Despite predawn weariness and the somber shadow filling the alley, the air was still as muggy as a sweat house; birds darted after insects and crickets chirped in the thatch. Already a lurid red filled the eastern sky. Most people slept, true, but there was enough light for Benard to know that the raucous thugs he had passed a moment before at a tavern door were warriors. He had not realized that they had a woman with them. And she had not screamed until now.
"Benard!" Nils pleaded. "They are Werists. They are initiates. They are armed, Benard! They will smash you!"
There might be something in what the carpenter said. A gentle, peace-loving artist really ought not pick a quarrel with brass-collar Werists. Benard was not in the habit of getting into fights, although he had a notable flair for finding trouble. Three warriors? That seemed a lot, even in his present liquaceous condition, when he could barely find his fingers, let alone count on them.
Then the woman screamed again and the men laughed louder. Benard sped up.
Clinging like a vine to a tree, Nils bleated shrilly. "Benard! At this time of night there's only one sort of woman in the streets. She knows what she's doing. And you can't help anyway."
Reluctantly, Benard decided that his small friend was right. He really ought to head back to his shed and get some sleep. Unfortunately, he reached that decision just as he turned the corner and saw her. He could never refuse beauty, and this girl was lovely. Gorgeous, breathtaking, spectacular--young and lithe, struggling in the grip of a hulking lout twice her size. The brute was behind her, clutching her to his chest with one arm and reaching inside her wrap to play with her breasts. His equally large friends stood around laughing at the sport.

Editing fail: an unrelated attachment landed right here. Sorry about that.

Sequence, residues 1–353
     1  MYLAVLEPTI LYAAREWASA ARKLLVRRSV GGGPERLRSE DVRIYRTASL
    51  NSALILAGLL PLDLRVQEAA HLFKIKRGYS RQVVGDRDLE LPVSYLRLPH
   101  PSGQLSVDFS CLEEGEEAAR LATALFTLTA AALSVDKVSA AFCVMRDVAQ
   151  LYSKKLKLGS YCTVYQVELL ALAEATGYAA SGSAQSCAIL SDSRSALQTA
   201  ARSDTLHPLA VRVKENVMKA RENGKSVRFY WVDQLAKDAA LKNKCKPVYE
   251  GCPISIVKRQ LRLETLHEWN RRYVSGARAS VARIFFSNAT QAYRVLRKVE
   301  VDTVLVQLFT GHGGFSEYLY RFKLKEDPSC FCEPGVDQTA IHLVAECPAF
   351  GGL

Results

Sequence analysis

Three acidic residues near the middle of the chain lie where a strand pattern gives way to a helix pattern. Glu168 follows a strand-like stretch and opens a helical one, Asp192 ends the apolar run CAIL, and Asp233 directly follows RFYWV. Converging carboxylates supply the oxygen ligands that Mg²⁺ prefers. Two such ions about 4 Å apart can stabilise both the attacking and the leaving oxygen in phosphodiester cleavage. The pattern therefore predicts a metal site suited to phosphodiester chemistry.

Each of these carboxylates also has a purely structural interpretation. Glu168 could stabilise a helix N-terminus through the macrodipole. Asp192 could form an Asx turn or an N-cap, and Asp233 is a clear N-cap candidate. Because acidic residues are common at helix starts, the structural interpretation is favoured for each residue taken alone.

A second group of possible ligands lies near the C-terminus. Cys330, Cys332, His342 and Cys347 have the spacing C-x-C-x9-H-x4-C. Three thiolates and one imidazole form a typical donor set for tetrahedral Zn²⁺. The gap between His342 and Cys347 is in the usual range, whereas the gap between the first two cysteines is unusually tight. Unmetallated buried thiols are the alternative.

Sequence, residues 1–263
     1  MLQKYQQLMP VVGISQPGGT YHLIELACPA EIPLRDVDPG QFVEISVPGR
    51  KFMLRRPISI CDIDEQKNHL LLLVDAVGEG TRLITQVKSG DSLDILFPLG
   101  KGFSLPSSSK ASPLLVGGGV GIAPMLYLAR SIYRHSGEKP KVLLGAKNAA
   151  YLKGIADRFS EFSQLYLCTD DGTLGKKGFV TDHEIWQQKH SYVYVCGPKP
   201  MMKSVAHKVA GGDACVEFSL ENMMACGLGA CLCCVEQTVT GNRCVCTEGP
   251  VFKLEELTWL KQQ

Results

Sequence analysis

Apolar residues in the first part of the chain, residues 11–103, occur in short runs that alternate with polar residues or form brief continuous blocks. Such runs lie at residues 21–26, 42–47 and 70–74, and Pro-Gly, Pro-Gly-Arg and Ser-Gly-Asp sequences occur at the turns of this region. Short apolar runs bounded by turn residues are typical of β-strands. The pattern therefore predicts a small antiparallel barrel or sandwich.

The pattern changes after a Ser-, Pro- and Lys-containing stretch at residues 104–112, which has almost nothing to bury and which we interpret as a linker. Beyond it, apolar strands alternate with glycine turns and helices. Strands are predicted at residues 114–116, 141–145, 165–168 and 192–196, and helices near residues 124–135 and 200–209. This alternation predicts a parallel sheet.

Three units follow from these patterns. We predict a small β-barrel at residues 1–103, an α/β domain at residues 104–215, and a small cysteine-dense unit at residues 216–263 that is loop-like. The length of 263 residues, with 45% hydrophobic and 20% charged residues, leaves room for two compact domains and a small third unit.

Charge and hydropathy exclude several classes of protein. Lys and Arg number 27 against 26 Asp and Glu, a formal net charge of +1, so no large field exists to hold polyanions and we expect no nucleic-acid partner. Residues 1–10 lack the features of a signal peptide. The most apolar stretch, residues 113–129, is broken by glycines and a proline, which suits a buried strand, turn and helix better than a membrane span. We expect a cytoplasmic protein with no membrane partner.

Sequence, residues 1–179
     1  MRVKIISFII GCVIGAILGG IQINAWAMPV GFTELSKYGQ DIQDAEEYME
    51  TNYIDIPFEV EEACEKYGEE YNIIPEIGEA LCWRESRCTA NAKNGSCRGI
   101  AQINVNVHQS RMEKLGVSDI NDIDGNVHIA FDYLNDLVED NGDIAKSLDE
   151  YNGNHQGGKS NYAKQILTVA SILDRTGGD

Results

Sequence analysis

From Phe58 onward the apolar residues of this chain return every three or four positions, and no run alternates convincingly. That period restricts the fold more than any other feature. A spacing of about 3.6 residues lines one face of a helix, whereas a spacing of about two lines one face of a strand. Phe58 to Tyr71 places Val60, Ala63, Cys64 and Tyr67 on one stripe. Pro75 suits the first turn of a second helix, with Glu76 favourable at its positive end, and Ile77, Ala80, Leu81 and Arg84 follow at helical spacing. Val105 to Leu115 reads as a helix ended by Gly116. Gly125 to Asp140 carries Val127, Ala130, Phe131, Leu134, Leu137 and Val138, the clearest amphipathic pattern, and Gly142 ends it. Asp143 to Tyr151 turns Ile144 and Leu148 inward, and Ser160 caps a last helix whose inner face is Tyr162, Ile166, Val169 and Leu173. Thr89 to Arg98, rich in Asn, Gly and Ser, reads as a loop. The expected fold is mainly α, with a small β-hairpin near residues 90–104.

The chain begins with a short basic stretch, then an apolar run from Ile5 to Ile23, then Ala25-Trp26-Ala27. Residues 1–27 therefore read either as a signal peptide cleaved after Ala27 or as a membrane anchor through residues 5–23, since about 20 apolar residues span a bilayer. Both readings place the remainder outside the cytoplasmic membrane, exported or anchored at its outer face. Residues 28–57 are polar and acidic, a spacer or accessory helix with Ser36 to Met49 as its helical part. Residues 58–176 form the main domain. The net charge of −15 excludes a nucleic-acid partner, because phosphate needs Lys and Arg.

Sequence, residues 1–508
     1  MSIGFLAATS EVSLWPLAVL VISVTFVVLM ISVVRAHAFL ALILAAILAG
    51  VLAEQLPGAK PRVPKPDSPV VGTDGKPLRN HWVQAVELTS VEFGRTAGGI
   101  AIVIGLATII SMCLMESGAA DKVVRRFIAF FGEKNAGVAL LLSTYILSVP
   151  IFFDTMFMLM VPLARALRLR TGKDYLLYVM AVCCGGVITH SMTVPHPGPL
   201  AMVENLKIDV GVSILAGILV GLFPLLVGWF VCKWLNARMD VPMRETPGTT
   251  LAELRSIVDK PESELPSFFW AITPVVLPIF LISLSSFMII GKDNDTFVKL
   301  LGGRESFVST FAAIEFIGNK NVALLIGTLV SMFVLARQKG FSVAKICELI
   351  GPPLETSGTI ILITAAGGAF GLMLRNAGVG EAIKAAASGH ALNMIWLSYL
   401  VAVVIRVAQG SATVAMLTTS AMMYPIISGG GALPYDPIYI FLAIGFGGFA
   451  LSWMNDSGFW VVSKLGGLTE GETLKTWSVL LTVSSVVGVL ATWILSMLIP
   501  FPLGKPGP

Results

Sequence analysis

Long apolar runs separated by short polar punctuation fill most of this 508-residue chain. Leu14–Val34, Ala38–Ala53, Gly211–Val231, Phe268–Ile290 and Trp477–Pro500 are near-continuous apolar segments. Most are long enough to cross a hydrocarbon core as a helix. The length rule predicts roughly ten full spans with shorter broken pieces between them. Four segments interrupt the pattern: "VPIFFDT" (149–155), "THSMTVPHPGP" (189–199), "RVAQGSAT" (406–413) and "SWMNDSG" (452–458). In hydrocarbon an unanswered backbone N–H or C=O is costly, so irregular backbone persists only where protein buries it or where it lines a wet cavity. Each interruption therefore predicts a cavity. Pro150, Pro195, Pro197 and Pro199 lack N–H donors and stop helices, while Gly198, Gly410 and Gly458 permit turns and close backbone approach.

Their flaxen hair and beards were cropped short to deny handholds to enemies. They wore the brass collars of Weru and the absurd garments called palls, which were merely lengths of cloth wound around their torsos and over their shoulders, leaving their limbs bare. Werists' palls were striped in colors that proclaimed the wearers' ranks and allegiances. Benard recognized only the purple of Satrap Horold Hragson, who ruled both the city and its garrison--officially for his brother, Stralg, but in reality for his sister, Saltaja Hragsdor.
Had he been granted a little longer to think--say, a pot-boiling, in his present condition--Benard might have come up with some witty or original opening remark, but instead he bawled out the first cliché that came into his head.
"Take your filthy hands off her!"
Nils disappeared like a shooting star.
Drunk or not, the three warriors surrounded Benard instantly. He realized that the one tormenting the girl was Cutrath Horoldson, and things could get no worse after that. Last sixday all Kosord had celebrated the coming-of-age and initiation of the satrap's son, because Horold Hragson had made it known that he would look with disfavor on anyone who chose not to. Apparently Cutrath and his cronies were still celebrating. Drunk or sober, they were equally dangerous.